The team of Professor Keon Jae Lee from the Department of Materials Science and Engineering, KAIST, has developed new forms of low cost, large-area nanogenerator technology using the piezoelectric ceramic nanoparticles.
Piezoelectric effects-based nanogenerator technology that converts existing sources of nonpolluting energies, such as vibrational and mechanical energy from the nature of wind and waves, into infinite electrical energy is drawing immense interest in the next-generation energy harvesting technology. However, previous nanogenerator technologies have limitations such as complicated process, high-cost, and size-related restrictions.Recently, Professor Lee's research team has developed a nanocomposite-based nanogenerator that successfully overcomes the critical restrictions existed in previous nanogenerators and builds a simple, low-cost, and large-scale self-powered energy system. The team produced a piezoelectric nanocomposite by mixing piezoelectric nanoparticles with carbon-based nanomaterials (carbon nanotubes and reduced graphene oxide) in a polydimethylsiloxane (PDMS) matrix and fabricated the nanocomposite generator by the simple process of spin-casting or bar-coating method.
Professor Zhong Lin Wang from Georgia Institute of Technology, who is the inventor of the nanogenerator, said,
"This exciting result first introduces a nanocomposite material into the self-powered energy system, and therefore it can expand the feasibility of nanogenerator in consumer electronics, ubiquitous sensor networks, and wearable clothes."
The research result was published in the May online issue of the Advanced Materials Wiley journal as a cover paper.
The Korea Advanced Institute of Science and Technology (KAIST): http://www.kaist.edu/english/
This press release was posted to serve as a topic for discussion. Please comment below. We try our best to only post press releases that are associated with peer reviewed scientific literature. Critical discussions of the research are appreciated. If you need help finding a link to the original article, please contact us on twitter or via e-mail.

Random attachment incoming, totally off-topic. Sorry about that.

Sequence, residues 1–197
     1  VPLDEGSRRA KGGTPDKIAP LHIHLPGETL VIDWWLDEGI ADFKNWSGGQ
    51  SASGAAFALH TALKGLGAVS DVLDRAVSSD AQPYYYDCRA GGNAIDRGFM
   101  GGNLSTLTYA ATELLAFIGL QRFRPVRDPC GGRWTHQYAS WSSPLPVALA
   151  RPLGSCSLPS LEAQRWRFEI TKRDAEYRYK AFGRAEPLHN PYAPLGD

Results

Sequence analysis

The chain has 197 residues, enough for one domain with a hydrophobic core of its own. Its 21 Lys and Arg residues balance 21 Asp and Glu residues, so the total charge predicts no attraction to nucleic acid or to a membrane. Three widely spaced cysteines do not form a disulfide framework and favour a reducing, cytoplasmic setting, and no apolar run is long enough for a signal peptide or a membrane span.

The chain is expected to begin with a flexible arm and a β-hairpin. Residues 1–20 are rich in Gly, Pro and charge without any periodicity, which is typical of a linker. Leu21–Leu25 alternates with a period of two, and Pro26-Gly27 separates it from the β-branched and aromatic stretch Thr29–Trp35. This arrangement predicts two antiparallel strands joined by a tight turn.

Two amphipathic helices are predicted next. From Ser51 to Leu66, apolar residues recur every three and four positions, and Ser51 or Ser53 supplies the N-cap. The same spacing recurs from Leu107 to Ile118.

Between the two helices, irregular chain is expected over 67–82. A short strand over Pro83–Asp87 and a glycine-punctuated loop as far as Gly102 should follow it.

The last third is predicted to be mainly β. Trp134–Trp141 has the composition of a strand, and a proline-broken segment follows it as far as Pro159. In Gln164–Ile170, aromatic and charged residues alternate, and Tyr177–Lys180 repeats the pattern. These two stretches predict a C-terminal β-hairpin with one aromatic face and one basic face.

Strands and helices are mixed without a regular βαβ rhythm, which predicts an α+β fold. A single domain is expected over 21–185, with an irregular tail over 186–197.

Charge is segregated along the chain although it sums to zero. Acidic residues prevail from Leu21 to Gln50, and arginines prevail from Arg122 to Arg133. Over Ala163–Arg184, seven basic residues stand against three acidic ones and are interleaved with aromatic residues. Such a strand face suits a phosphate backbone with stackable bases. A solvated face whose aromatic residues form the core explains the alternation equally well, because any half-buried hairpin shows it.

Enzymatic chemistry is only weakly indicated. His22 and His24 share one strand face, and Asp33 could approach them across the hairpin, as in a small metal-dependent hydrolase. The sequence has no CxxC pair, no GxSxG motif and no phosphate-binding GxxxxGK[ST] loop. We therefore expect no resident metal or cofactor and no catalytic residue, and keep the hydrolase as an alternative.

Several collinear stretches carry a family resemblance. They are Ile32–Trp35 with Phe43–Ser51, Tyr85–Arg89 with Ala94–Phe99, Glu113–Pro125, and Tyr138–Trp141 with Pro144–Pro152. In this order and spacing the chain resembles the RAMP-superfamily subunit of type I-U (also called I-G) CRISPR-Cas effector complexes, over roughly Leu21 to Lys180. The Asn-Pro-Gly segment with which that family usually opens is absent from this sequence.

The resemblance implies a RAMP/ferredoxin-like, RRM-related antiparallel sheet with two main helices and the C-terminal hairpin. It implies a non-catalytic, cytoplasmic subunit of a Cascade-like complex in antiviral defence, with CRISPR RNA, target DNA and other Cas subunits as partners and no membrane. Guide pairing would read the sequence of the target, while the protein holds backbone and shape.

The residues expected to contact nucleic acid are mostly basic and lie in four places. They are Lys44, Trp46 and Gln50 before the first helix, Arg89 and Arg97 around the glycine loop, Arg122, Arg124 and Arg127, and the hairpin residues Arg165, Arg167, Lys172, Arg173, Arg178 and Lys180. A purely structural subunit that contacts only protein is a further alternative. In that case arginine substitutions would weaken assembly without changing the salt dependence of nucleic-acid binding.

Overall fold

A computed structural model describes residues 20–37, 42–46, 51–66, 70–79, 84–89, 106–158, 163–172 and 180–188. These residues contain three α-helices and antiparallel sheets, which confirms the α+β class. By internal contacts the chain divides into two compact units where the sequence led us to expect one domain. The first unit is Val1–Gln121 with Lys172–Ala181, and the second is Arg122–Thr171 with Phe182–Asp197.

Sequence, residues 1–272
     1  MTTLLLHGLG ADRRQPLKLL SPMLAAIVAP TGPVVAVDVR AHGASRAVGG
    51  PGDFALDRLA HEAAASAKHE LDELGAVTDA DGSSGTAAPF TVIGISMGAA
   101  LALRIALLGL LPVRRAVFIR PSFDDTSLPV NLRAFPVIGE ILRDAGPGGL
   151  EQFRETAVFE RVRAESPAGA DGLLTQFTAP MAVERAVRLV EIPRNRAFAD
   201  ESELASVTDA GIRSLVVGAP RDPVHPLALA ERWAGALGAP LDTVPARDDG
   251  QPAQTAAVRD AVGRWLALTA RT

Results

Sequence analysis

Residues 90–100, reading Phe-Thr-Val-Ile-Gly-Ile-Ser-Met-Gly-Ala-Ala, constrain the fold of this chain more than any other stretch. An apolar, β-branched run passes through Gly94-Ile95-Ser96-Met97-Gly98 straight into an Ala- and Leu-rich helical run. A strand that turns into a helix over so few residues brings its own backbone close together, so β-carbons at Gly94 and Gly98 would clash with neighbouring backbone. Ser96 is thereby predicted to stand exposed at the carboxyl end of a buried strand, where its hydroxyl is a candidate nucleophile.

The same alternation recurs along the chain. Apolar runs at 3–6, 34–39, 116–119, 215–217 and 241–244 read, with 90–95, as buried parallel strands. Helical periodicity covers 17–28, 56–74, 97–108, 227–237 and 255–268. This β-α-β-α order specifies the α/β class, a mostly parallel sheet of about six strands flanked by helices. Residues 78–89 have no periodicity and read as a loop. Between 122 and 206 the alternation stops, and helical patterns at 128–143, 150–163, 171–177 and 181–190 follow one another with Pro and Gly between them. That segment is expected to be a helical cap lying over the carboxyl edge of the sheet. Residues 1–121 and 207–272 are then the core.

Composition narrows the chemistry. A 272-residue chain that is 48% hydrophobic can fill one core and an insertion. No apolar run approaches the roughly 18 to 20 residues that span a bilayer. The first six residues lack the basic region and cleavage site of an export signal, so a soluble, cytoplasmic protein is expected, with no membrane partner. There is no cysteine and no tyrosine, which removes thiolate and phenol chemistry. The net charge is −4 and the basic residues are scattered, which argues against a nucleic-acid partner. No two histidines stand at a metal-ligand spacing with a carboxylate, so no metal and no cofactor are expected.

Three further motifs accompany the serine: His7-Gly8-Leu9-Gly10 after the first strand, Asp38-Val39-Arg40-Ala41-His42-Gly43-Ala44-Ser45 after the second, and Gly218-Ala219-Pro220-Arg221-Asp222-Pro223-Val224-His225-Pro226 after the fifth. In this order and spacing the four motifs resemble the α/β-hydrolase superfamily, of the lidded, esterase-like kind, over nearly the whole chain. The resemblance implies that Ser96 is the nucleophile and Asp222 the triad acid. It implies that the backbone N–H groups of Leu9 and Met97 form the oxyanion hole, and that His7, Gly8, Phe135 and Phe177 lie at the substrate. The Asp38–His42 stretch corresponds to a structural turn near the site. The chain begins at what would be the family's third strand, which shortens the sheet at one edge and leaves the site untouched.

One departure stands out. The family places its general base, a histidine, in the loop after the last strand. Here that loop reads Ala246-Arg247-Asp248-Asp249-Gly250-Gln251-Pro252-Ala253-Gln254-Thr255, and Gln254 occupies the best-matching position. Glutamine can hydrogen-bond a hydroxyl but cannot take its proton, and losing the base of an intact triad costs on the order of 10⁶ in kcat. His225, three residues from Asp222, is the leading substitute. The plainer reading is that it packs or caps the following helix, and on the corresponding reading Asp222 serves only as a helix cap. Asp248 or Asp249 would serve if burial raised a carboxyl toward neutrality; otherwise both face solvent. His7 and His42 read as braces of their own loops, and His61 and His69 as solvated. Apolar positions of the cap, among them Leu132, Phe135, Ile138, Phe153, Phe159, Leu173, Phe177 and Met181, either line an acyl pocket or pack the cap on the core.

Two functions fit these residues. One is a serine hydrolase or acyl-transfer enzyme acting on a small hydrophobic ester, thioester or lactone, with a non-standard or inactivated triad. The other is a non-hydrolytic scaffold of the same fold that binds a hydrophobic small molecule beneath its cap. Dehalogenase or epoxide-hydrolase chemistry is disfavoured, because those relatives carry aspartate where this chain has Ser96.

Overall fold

Swallowing a sulfur-rich protoplanet could help explain two lingering mysteries in the story of Earth's formation
In a first-of-its-kind endeavor, electricity-starved Rwanda and the Democratic Republic of Congo are trying to get power from a lake—and avert catastrophe.It’s a Friday afternoon on the Rwandan side of Lake Kivu, and in what was once a quiet cove, a daring venture is taking shape.
The good news is that an eruption there is highly unlikely, but the bad news is that it would be huge
Flame-retardant fabrics normally degrade when washed, but a water-repelling coating could make your flame-proof suit or sofa self-cleaning
It may look like nothing more than a small ball of metal, but the shape-shifting and self-propulsion abilities of a liquid metal alloy discovered by scientists at China's Tsinghua University has captured the imaginations of scientists and science-fiction fans across the world.
The same receptor on nerve endings that makes sinuses tingle when we eat wasabi plays an important role in the pain of inflammation. The first 3-D view of the receptor could lead to better pain drugs.
As the craft beer industry grows, so are options for learning to brew. More colleges are now introducing degree programs to teach the art and science of beer-making.
Researchers were surprised by what they found when they sandwiched a drop of water between two layers of an unusual two-dimensional material called graphene.
Scientists at Cern are suggesting they could soon detect miniature black holes, proving the existence of parallel universes and disproving the big bang theory of the creation of the universe.
The Curiosity rover makes a detection of nitrogen compounds which provide further evidence that ancient Mars would have been a habitable world.